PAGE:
Lady Liberty

October 28, 2016 at 12:01 am | Posted in Today's Reasons To Celebrate | Leave a comment

Good morning fans of gigantic patriotic landmarks. Today is Friday, October 28th. Today’s holidays are:

Statue of Liberty Dedication Day

The Statue of Liberty, a gift of friendship from the people of France to the people of the United States, was dedicated in New York Harbor on this date in 1886 by President Grover Cleveland.
Originally known as “Liberty Enlightening the World,” the statue was proposed by the French historian Edouard de Laboulaye to commemorate the Franco-American alliance during the American Revolution. Designed by French sculptor Frederic-Auguste Bartholdi, the 151-foot statue was the form of a woman with an uplifted arm holding a torch. Its framework of gigantic steel supports was designed by Eugene-Emmanuel Viollet-le-Duc and Alexandre-Gustave Eiffel, the latter famous for his design of the Eiffel Tower in Paris.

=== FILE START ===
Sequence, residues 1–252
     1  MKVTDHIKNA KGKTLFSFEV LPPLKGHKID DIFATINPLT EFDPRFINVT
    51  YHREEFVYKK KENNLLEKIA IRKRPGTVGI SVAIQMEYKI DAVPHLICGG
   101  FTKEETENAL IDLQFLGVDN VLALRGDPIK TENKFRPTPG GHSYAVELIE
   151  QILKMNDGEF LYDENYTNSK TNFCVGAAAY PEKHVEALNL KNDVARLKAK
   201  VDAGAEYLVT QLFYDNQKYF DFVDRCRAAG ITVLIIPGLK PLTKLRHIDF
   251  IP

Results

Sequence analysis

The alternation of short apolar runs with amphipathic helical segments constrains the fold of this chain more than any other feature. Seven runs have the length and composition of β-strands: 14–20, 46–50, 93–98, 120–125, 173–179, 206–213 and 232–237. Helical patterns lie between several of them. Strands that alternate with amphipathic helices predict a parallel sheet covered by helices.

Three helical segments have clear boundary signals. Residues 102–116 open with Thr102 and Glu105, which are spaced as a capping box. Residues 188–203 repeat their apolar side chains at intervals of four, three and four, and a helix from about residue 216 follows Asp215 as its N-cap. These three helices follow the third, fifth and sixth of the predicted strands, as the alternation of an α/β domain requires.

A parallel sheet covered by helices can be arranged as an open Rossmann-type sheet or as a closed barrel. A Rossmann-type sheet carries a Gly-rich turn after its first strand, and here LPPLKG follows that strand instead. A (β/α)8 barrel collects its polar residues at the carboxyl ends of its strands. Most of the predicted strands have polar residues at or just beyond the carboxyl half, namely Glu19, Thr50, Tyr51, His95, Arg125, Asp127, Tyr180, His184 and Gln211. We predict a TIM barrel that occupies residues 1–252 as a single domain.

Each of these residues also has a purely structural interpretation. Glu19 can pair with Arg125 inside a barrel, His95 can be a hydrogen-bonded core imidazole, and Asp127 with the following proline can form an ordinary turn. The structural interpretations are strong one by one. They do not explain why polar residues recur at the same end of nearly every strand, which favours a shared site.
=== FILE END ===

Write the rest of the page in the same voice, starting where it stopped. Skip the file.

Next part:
In February 1877, Congress approved the use of a site on New York Bedloe’s Island, which was suggested by Bartholdi, the designer of the statue. In May 1884, the statue was completed in France, and three months later the Americans laid the cornerstone for its pedestal in New York Harbor. In June 1885, the dismantled Statue of Liberty arrived in the New World, enclosed in more than 200 packing cases. Its copper sheets were reassembled, and the last rivet of the monument was fitted on October 28, 1886, during a dedication presided over by President Cleveland and attended by numerous French and American dignitaries.